It was, after all, no great feat to capture this stronghold, for (leaving out of account the native levies on
either side) there were no more than thirty-eight or forty Portuguese in the castle to withstand the thirteen
hundred Dutch soldiers and sailors; and of this slender Portuguese garrison, the entire European rank and file
were "banisht men," persons sent out of their country for crime. Not that it is an unknown thing for convicts
to do loyal service,—our own annals in Australia have shown that,—but the average Portuguese official of the
time was little likely to have gained either the affection or the confidence of those under his command. We
know from Andrew Battell and from others the material of which both officers and men were composed. Of this
particular garrison Barbot says that it was "commonly composed of leud and debauch'd persons, as well officers
as soldiers, both of them used to commit outrages and to plunder, or of such as were banish'd Portugal for
heinous crimes and misdemeanors. No wonder therefore that the histories of those times give an account of
unparalleled violence, and inhumanities committed there by those insatiable Portuguese during the time that
place was under their subjection, not only against the natives of the country and such European nations as
 but even among themselves." A successful, or even a prolonged, resistance, under such circumstances was not
within the realms of possibility. Van Ypren had made no mistake in his estimate.
The Dutch were now virtually masters of the Gold Coast. Of important posts there was but Fort S. Anthony at
Axim remaining in Portuguese hands, and ere long that too followed the example of San Jorge. It is not easy to
understand why Holland did not seize Fort S. Anthony before Coine returned to Brazil. Van Ypren did indeed
then demand that it should be surrendered, but he took no action after the Portuguese commandant's spirited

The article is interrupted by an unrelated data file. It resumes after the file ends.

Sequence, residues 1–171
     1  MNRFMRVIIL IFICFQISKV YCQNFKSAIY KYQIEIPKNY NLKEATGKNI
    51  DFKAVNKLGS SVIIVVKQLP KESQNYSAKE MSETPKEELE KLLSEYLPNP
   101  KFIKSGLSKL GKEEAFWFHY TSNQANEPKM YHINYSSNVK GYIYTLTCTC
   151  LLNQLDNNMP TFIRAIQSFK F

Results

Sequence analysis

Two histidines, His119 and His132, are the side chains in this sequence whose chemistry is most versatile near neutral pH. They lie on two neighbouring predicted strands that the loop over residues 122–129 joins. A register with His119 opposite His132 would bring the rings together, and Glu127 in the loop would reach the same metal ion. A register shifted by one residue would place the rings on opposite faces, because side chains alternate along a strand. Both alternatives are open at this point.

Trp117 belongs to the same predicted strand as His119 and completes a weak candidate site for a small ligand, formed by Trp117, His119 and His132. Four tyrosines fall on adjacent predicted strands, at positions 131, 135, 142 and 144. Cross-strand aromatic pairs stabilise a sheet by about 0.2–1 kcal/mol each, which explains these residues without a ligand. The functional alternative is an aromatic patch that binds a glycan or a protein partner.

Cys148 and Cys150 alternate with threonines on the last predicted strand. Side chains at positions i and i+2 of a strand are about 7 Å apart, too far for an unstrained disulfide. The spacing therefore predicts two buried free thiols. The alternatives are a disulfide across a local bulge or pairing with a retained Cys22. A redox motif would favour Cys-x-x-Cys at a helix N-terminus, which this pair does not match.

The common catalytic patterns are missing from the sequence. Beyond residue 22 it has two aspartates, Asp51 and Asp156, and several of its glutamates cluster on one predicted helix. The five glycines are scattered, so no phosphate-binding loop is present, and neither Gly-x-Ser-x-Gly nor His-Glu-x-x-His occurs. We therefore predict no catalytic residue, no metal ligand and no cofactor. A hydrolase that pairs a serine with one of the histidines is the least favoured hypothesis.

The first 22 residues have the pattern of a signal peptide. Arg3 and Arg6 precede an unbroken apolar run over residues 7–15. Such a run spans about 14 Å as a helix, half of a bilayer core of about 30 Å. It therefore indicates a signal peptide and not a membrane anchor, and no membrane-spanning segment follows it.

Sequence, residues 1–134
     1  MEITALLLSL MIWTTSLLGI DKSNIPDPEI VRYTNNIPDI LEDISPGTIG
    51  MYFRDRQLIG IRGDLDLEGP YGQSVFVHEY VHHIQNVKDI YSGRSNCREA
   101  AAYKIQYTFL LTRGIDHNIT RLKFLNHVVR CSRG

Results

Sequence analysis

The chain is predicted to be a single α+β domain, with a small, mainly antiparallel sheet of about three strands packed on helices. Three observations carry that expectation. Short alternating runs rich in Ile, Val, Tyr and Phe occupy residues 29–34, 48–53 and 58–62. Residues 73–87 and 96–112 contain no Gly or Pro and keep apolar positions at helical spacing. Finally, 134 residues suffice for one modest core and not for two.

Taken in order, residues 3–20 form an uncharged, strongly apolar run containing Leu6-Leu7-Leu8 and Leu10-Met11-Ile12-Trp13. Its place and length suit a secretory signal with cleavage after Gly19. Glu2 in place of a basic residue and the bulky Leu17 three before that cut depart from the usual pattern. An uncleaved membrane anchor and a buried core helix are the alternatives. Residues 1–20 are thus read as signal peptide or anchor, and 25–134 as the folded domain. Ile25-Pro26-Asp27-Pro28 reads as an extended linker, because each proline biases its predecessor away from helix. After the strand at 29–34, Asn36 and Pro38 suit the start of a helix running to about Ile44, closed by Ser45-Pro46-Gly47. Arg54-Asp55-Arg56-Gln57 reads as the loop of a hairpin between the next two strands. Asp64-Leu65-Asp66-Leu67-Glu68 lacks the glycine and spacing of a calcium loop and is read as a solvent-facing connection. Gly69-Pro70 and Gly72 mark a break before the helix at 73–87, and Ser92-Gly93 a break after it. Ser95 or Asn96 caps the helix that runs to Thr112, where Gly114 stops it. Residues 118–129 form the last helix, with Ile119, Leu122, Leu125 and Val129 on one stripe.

rejection of his summons. Perhaps he thought that, like an over-ripe pear, it must soon drop of its own
weight, and that bloodshed might thereby be saved. In any case, it was not until January 1642 that the Dutch
laid hands on Fort S. Anthony, some considerable time indeed after a treaty had been signed between Holland
and the now restored King of Portugal, a treaty whereby her conquests in West Africa were secured to the
former. Unless there is some confusion of dates, the Netherlanders were here acting in most high-handed
Whatever the facts of the case, however, the Portuguese, after an occupation of one hundred and sixty years,
were now finally ejected from the Gold Coast. Traces of that occupation are still to be found in the language
of the native tribes, and, in certain instances, in place-names. Amongst the words mentioned by Colonel Ellis
in his History of the Gold Coast as being still in use are "palaver,"
 from the Portuguese "palabra"; "caboccer," from "eabeceiro "; "picanniny," from "picania"; and "fetish," from
"feitico." Colonel Ellis also says that although the Dutch remained on the Gold Coast for two hundred and
thirty-two years, there are no similar traces of their occupation, nor are even now in general use many words
derived from our own language. From all accounts it would seem that the Portuguese mingled with the native
population in much more intimate fashion than did either Dutch or English.
Of the place-names a good many survive, though either translated into English or corrupted. As instances may
be mentioned Cape Three Points (Cabo de Tres Puntas), Gold Coast (Costa del Oro), Ancobra (Rio Cobre), Elmina
(La Mina), Cape Coast (Cabo Corso).